• We select an answer in the context of the relationship • Think about answering the question “What is your name?” • Now think about asking it when asked: – – – – – 41 By a young child At an informal social occasion In a formal meeting At a doctor’s reception desk When buying something by telephone
    • • Look at the questions on this form • Where do the answers come from? • How might they change based on judgement? 42
    • The four steps of answering a question Read the question Find the answer Judge the answer Provide the answer 43 Jarrett and Gaffney (2008), adapted from Tourangeau, Rips and Rasinksi (2000)
    • 44
    • Now try it – our example • Look at the categories on offer on this form. • Can we thinking of any extra real-world things that might not fall into these categories? 45
    • Relationship Conversation Testing 46 Appearance
    • The basics: contrast, style & size Contrast Contrast Contrast Contrast Style Size 47 Style Size
    • A 48
    • B 49
    • C 50
    • A 51
    • B 52
    • C 53
    • All those screenshots were from the same form: Applying for a US passport 54
    • Create a simple set of rules and apply them everywhere Image credit: Fraser Smith glenelg.net
    • Relationship Conversation Testing 56 Appearance
    • Let’s try working through the three layers: Who will fill this in? What answers do we need? What questions should we ask to get those answers? What is the correct order for the questions? Aim: create a first draft prototype for testing 57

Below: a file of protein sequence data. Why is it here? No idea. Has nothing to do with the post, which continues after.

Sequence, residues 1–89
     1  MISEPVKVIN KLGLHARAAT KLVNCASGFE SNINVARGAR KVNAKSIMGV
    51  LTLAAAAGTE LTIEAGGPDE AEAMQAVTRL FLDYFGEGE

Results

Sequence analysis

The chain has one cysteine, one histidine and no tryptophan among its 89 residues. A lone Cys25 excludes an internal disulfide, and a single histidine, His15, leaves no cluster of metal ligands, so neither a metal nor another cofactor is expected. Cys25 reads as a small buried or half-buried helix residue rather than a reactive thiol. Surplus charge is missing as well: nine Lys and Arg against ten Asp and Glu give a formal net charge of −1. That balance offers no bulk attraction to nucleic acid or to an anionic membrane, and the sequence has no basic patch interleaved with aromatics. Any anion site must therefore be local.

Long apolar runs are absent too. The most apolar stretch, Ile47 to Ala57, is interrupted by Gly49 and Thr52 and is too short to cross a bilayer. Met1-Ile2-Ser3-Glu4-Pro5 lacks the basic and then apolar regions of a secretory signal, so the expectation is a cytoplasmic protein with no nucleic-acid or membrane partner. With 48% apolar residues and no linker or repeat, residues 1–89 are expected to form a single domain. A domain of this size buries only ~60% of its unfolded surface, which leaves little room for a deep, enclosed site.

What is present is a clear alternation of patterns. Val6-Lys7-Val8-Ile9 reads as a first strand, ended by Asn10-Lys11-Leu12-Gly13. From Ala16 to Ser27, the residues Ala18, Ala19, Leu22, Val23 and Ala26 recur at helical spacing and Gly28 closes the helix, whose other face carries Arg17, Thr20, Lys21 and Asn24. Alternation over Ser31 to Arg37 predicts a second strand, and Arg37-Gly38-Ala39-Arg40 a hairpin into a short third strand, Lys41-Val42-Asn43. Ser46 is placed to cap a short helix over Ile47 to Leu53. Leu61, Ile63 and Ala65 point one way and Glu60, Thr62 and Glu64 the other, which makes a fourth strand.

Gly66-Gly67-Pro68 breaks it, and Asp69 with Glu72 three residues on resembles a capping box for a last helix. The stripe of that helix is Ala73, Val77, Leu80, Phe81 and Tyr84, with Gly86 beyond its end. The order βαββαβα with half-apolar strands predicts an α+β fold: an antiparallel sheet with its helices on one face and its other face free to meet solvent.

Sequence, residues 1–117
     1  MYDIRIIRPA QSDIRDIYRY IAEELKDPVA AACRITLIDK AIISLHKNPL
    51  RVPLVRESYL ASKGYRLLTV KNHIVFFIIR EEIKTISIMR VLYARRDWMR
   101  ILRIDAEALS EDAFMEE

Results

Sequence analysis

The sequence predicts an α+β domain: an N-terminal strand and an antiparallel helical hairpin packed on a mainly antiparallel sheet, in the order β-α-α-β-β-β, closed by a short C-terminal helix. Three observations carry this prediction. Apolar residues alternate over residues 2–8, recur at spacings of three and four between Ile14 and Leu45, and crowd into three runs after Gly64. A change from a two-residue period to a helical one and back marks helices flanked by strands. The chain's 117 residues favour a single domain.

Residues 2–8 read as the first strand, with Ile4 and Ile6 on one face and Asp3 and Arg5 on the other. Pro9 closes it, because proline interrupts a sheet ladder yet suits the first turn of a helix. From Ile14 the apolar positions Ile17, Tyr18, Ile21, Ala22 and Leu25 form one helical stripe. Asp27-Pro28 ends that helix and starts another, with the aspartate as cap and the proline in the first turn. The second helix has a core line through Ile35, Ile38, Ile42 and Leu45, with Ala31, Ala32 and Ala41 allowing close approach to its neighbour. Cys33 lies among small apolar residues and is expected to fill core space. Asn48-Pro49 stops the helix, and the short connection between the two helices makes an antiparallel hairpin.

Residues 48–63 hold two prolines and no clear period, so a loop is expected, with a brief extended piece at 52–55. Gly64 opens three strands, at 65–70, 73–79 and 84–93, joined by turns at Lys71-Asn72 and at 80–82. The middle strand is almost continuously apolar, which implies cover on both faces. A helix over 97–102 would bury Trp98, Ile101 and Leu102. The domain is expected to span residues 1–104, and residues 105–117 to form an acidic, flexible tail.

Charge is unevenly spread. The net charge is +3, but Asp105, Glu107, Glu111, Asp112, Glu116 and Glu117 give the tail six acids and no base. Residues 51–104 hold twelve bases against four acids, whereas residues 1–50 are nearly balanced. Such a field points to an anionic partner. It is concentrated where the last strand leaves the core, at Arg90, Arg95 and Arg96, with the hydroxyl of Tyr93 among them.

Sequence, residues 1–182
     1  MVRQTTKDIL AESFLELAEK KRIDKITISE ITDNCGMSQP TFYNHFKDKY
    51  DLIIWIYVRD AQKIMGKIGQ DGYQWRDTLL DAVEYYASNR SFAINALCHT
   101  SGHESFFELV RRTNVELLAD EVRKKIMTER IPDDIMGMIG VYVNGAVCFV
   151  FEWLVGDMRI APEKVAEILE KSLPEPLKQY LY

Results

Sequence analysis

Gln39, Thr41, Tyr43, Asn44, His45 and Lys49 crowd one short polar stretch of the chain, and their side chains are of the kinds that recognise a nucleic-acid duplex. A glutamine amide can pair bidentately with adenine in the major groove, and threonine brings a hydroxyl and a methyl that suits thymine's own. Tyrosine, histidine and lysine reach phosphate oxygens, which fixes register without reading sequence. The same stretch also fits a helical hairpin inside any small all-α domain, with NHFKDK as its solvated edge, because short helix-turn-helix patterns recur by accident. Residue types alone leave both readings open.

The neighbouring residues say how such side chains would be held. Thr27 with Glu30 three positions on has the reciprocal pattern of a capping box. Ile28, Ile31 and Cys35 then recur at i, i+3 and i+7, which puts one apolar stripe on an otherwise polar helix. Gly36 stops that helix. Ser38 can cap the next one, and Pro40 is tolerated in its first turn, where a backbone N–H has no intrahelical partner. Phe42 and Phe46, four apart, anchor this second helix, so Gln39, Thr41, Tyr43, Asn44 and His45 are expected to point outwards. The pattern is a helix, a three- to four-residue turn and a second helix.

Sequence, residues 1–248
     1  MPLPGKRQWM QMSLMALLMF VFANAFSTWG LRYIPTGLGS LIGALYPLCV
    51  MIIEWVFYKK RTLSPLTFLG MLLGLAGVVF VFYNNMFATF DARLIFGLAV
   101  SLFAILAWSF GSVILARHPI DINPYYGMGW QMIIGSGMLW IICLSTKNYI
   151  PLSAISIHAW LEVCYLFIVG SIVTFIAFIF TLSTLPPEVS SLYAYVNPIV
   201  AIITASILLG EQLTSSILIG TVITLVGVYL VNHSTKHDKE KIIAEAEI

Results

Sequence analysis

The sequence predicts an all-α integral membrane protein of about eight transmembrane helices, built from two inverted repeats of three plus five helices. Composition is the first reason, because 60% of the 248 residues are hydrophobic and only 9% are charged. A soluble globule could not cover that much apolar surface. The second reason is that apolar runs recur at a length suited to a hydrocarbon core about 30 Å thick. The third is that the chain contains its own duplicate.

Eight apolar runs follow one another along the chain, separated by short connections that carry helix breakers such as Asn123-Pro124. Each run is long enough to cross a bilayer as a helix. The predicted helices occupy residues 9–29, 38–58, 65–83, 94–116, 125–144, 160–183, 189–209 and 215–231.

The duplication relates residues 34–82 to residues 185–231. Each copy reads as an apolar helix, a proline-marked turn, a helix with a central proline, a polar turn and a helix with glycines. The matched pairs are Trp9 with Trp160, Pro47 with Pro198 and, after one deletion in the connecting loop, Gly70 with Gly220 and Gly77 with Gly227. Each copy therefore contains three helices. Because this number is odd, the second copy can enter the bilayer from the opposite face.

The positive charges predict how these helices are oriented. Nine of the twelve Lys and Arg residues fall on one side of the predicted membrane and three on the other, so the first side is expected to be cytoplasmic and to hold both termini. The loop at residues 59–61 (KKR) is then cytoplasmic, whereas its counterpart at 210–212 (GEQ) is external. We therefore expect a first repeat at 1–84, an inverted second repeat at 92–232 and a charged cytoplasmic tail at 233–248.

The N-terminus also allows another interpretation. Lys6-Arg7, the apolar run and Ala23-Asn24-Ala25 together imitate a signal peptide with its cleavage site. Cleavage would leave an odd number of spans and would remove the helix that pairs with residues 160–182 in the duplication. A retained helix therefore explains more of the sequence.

• Relationship Conversation Testing 58 Appearance
    • Watching a user working on your form is the single best way to understand it • Best: ask a real user to try filling out your form – Next best: ask an approximate user to try filling out your form • Next best: Just ask anyone to complete it • For more detailed instructions, visit: http://infodesign.com.au/usabilityresources/usabilitytesting/ 59
    • Ask some questions about the questions • Understanding the answer – Could you tell me what that question is asking you? • Finding the answer – How would you work out the answer to that question? – Where would you look for the answer to that question? • Judging the answer – – – – 60 Did you expect to be asked that question? Does it explain why it asked that question? Did it leave out a question you expected? Is it OK for <organisation> to ask that question?
    • • If you’re a ‘Participant’ – Move one group along and wait for your instructions • If you’re a ‘Facilitator’ – Greet the participant – Invite the participant to fill in your prototype form – If the participant has any questions, answer as best you can • If you’re an ‘Observer’ – Take notes on what you see and hear – You’ll be reporting back to your team 61
    • A great form works well across all layers Appearance Easy to read and to work with Conversation Easy to understand and to answer 62 Relationship Goals achieved Schema from “Forms that work: Designing web forms for usability”, Jarrett and Gaffney (2008) www.formsthatwork.com
    • Some resources for forms design Forms that work: http://www.formsthatwork.com Presentations: http://www.slideshare.net/cjforms 63
    • Caroline Jarrett twitter @cjforms caroline.jarrett@effortmark.co.uk 64